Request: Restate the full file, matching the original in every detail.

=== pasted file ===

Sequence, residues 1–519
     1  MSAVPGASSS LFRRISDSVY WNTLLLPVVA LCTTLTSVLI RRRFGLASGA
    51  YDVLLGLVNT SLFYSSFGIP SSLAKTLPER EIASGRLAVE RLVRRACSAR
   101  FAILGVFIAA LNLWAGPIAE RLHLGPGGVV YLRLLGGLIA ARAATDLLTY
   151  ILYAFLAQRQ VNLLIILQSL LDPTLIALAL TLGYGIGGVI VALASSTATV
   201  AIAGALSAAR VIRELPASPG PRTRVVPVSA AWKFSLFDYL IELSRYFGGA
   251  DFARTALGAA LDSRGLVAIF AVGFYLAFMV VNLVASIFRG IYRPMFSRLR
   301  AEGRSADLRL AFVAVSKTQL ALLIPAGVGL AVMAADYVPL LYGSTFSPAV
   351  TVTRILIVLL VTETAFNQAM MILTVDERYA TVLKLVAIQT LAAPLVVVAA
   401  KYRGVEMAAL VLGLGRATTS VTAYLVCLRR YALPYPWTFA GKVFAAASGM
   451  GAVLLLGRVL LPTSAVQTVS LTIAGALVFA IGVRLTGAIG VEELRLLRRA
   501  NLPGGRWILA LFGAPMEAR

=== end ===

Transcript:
Sequence, residues 1–519
     1  MSAVPGASSS LFRRISDSVY WNTLLLPVVA LCTTLTSVLI RRRFGLASGA
    51  YDVLLGLVNT SLFYSSFGIP SSLAKTLPER EIASGRLAVE RLVRRACSAR
   101  FAILGVFIAA LNLWAGPIAE RLHLGPGGVV YLRLLGGLIA ARAATDLLTY
   151  ILYAFLAQRQ VNLLIILQSL LDPTLIALAL TLGYGIGGVI VALASSTATV
   201  AIAGALSAAR VIRELPASPG PRTRVVPVSA AWKFSLFDYL IELSRYFGGA
   251  DFARTALGAA LDSRGLVAIF AVGFYLAFMV VNLVASIFRG IYRPMFSRLR
   301  AEGRSADLRL AFVAVSKTQL ALLIPAGVGL AVMAADYVPL LYGSTFSPAV
   351  TVTRILIVLL VTETAFNQAM MILTVDERYA TVLKLVAIQT LAAPLVVVAA
   401  KYRGVEMAAL VLGLGRATTS VTAYLVCLRR YALPYPWTFA GKVFAAASGM
   451  GAVLLLGRVL LPTSAVQTVS LTIAGALVFA IGVRLTGAIG VEELRLLRRA
   501  NLPGGRWILA LFGAPMEAR